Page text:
Report: Schiano, Munchak would be interested if Bill O’Brien bolts Penn State for NFL

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If, as the mounting speculation goes, Penn State loses its head coach to the NFL, the school could turn to the same level for a replacement.

It was reported earlier this month that Bill O’Brien — and/or his agent — had already been approached by the Houston Texans and Minnesota Vikings about a potential return to the NFL.  As was the case last year, O’Brien’s name will likely be connected to other professional openings as well, in large part because an NFL buyout in his amended contract went from $19. 3 million last year just under $6.5 million this year.

David Jones of the Patriot-News wrote Monday that, if O’Brien were to leave the Nittany Lions after two seasons, current Tampa Bay Buccaneers head coach Greg Schiano is one of “three other head coaches [who] have had their intermediaries inquire about the Penn State job.”  Schiano is rumored to be on an extremely hot seat with the Bucs, and could “part ways” with the organization at season’s end.

Prior to his time in Tampa, Schiano spent 11 years as the head coach at Rutgers.

Schiano spent six seasons (1990-95) as an assistant at Penn State.  After Joe Paterno‘s dismissal in November of 2011, he was mentioned as a potential successor.

The reported interest on Schiano’s part may not be reciprocated if — and, yes, it’s still an if — the job comes open, however, as Jones writes that “Schiano is not thought to be high on the would-be PSU contingency list.”

The two others mentioned by Jones as being “curious about the chances [the Penn State job] might come open” are Tennessee Titans head coach Mike Munchak and Vanderbilt head coach James Franklin.

The former played his college football with the Nittany Lions, although that was back in the late-seventies/early eighties and the whole of his 20-year coaching career has been spent at the NFL level.  Like Schiano, Munchak was mentioned as a potential successor to Paterno.  Unlike Schiano, the job was Munchak’s to have before he opted to remain with the Titans.  Also unlike Schiano, Jones notes that PSU “money men… would again lean toward the dignified and straight-shooting Munchak as the favorite.”  Again, that’s provided there’s even a job to fill.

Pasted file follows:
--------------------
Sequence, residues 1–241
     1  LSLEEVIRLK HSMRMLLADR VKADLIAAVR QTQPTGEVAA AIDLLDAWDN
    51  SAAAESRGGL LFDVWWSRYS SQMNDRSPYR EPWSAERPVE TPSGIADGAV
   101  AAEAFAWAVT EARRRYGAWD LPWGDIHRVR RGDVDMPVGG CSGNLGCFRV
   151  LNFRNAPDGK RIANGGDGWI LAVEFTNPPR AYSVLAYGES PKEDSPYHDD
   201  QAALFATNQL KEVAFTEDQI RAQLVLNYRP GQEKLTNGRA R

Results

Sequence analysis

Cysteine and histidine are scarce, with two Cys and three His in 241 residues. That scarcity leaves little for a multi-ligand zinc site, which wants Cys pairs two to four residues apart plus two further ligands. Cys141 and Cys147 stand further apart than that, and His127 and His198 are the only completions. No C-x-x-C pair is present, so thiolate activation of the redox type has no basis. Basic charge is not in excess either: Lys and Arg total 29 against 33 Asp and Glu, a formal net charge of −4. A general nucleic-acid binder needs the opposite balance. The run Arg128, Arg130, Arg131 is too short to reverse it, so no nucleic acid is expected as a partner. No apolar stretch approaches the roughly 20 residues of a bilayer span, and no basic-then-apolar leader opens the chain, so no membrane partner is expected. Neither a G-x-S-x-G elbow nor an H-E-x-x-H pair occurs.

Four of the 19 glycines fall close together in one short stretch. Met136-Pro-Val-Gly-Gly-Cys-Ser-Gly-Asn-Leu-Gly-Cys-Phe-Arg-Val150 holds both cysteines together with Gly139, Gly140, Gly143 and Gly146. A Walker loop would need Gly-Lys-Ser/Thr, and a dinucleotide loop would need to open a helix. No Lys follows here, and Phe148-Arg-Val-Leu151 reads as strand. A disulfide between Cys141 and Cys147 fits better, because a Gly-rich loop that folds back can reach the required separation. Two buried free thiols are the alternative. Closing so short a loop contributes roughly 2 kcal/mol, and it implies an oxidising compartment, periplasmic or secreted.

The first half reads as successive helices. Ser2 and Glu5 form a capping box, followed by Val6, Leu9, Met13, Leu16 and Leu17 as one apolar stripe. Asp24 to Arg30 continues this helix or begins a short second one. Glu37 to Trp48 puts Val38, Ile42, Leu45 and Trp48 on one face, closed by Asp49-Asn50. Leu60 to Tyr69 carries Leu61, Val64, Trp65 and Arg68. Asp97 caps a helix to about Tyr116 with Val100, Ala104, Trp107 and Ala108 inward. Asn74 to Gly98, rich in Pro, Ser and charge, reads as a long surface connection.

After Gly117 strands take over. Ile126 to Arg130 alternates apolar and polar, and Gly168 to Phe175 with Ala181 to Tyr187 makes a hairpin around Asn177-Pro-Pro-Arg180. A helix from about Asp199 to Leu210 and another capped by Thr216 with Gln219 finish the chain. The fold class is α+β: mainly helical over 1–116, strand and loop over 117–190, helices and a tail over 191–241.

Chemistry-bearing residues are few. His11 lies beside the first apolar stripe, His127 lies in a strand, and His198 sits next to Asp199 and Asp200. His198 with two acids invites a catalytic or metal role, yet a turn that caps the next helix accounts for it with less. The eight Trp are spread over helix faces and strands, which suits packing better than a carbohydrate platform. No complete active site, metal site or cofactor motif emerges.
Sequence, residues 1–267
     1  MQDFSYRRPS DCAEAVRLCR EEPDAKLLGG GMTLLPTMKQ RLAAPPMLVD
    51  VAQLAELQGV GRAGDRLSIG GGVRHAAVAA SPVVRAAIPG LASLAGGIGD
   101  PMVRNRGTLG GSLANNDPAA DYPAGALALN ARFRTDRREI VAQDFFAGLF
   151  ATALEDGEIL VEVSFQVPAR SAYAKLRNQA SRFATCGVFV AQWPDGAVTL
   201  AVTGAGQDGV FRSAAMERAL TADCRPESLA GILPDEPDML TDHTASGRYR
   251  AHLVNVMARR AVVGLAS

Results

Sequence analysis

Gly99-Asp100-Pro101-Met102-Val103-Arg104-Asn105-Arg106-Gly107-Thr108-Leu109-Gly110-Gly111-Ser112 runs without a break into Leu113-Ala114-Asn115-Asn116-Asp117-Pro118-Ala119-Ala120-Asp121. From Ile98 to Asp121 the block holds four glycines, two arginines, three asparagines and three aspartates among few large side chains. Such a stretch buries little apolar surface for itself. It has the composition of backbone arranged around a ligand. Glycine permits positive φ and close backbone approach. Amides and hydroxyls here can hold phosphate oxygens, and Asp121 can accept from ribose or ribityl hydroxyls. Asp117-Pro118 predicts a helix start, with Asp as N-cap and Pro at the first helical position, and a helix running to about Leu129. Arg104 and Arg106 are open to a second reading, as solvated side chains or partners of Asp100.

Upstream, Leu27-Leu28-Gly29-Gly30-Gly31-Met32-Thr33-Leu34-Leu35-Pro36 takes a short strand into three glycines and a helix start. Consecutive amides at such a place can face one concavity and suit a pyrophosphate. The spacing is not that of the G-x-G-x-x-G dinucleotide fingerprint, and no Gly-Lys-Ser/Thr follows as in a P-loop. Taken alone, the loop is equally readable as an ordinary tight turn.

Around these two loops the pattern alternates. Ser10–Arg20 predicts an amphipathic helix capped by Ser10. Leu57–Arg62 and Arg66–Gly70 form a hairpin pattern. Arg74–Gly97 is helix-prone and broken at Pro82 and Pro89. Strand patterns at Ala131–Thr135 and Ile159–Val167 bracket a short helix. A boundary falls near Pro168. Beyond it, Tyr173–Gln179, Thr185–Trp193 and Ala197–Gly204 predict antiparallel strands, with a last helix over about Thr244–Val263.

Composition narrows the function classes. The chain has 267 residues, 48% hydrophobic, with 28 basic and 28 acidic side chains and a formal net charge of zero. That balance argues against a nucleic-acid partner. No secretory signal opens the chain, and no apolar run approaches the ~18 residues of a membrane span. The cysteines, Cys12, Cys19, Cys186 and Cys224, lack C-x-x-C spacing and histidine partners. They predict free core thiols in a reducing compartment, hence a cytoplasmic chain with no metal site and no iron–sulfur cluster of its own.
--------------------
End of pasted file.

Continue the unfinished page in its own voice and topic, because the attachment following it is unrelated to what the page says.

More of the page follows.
Franklin is a favorite of the coaching rumor mill, having already been one of the reported front-runners for the USC job as well as being a potential candidate at Texas.  Based on the job he’s done with the Commodores, you can expect his name to be mentioned just about anytime a high-profile position comes open.

Longtime UCLA staffer Angus McClure’s hire one of two announced by Nevada

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The departure of a longtime UCLA staffer has officially been confirmed.

Late last week, reports surfaced that Angus McClure was leaving UCLA for a position at Nevada.  Tuesday, the Mountain West Conference football program confirmed that McClure has been hired as Jay Norvell‘s new offensive line coach.

McClure had been with the Bruins since 2007, serving at various times as position coach for both sides of UCLA’s lines as well as special teams.  Most recently, McClure had served as recruiting coordinator for the Pac-12 school.

McClure and Norvell have a prior working relationship as they were both on the same staffs at Nebraska and UCLA.

In addition to McClure, David Lockwood was announced as Nevada’s new safeties coach.  Lockwood was on the UNLV staff last season after spending the previous three years as the cornerbacks coach at Arizona.

“I think we made our staff stronger with these two veteran hires,” Norvell said in a statement. “I’m excited about the experience and expertise that we have added to the Wolf Pack coaching staff.”

Former Kansas State head coach Jim Dickey dies at 84